Saturday, January 22, 2022

Emir laments dying literature studies, reading culture

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Jaafar Jaafar
Jaafar Jaafar is a graduate of Mass Communication from Bayero University, Kano. He was a reporter at Daily Trust, an assistant editor at Premium Times and now the editor-in-chief of Daily Nigerian.
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The Emir of Suleja in Niger State, Malam Muhammad Awwal Ibrahim, has bemoaned the dearth of traditional libraries that used to house literature books and other reading materials for the discerning youth of the country.

He said modern libraries, better known as E-libraries, have discouraged the learning culture amongst youth, who now spend a large chunk of their time browsing the internet and engaging in social media chats.

The emir stated this on Monday at the 11th edition of the International Conference on Northern Nigeria Literature, holding at the headquarters of the National Open University of Nigeria (NOUN) in Abuja, a statement by the university’s spokesperson, Ibrahim Sheme, said.

The two-day conference, with the theme “Literature and Contemporary Developments in Northern Nigeria”, has participants drawn from across the federation as well as overseas. They are expected to discuss literary exploits and trends in the region.

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The emir, while underscoring the E- library modernity, said during his time in the 1950s, they used to learn a lot from literature including the history and culture of societies, where they drew inspiration.

He urged the participants to discuss the ways that would improve the reading culture of Nigerian youth if the country was to replicate literary giants like Wole Soyinka, Chinua Achebe, Zaynab Alkali and others.

Vice-Chancellor of NOUN, Prof Abdalla Uba Adamu, said in his speech that the conference was designed to draw attention to the rich literary heritage of the region, regardless of religion.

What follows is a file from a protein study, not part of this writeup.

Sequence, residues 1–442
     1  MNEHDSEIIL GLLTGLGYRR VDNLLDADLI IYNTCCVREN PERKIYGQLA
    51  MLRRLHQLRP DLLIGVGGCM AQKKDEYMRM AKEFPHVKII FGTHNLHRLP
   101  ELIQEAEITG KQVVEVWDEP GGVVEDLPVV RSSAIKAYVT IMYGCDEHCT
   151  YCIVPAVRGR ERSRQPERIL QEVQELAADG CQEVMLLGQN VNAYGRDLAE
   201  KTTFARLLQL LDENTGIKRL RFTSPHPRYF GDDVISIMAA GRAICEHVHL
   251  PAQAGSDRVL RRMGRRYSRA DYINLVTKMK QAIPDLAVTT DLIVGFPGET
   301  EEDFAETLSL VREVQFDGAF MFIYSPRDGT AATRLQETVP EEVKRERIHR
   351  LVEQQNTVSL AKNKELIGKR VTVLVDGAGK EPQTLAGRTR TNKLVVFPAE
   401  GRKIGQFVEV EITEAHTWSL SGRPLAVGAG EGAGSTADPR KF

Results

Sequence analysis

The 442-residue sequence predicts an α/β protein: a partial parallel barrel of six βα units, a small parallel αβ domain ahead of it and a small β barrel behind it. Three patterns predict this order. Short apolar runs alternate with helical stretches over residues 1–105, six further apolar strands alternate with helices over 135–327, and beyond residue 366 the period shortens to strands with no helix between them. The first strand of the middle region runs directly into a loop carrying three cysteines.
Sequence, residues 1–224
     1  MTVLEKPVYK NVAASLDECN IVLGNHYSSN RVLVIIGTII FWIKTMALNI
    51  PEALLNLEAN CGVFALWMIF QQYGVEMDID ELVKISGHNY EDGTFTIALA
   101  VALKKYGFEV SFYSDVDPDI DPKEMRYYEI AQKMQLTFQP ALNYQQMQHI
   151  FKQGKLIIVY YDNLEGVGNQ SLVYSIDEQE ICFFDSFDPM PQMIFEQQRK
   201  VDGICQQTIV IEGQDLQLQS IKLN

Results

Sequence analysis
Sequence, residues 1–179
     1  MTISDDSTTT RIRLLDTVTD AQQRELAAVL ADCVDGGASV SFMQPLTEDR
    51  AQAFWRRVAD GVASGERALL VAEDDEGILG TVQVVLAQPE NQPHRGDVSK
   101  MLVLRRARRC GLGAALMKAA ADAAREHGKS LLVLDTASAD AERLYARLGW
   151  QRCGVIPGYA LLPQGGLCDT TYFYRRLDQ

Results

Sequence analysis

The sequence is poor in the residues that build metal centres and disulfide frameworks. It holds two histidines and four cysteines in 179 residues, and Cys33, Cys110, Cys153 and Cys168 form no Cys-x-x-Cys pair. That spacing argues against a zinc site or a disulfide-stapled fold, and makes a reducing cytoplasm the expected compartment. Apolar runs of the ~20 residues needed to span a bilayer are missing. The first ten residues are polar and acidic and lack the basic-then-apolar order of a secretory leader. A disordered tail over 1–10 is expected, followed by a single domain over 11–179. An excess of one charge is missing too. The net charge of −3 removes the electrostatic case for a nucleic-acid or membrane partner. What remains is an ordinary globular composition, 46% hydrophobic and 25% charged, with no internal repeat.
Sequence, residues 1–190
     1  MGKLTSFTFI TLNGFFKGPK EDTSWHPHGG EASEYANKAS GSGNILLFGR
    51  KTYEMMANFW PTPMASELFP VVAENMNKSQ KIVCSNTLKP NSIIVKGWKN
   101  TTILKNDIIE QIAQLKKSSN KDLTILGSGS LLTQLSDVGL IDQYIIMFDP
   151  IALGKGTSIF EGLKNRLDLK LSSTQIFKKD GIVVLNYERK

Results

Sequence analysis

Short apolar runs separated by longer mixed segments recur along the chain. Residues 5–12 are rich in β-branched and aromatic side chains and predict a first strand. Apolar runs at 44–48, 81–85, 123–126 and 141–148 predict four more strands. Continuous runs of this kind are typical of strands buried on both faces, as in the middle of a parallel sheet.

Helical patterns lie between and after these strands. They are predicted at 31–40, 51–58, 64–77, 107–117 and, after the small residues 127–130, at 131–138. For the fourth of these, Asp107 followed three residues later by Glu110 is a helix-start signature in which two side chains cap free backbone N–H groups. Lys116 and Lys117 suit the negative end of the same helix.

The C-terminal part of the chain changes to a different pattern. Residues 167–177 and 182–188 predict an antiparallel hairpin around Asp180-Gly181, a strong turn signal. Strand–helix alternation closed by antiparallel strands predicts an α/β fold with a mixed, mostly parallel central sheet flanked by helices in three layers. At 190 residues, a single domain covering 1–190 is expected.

Adamu, the chief host of the event, said the yearly conference was used to be co-hosted by Bayero University, Kano, and Kwara State University, Malete, has now become a tripartite event, with NOUN as another co-hosting institution.

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The event, he added, was also organised to “establish a focal interest in the development of indigenous scholarship in the region in all spares of knowledge.”

He called on organisers to consider changing the theme of the conference to “Indegenous Literature in Nigeria”, to make it more inclusive and enriching.

On his part, the keynote speaker, Prof Graham Furniss of the University of London, said his discourse focused on “issues of diversity and hybridity”, to reflect upon attitudes to the diverse and hybrid.

Furniss, who took time to explain the “Reflections on diversity and the task of literary and cultural study,” thanked the organisers for inviting him to the event that strives to keep literature in Northern Nigeria well alive.

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Chairman of the organising committee and Dean of the Faculty of Arts, NOUN, Prof Godwin Akper, told the gathering that events in the region have helped in shaping activities which convinced academics to proffer solutions and answers.

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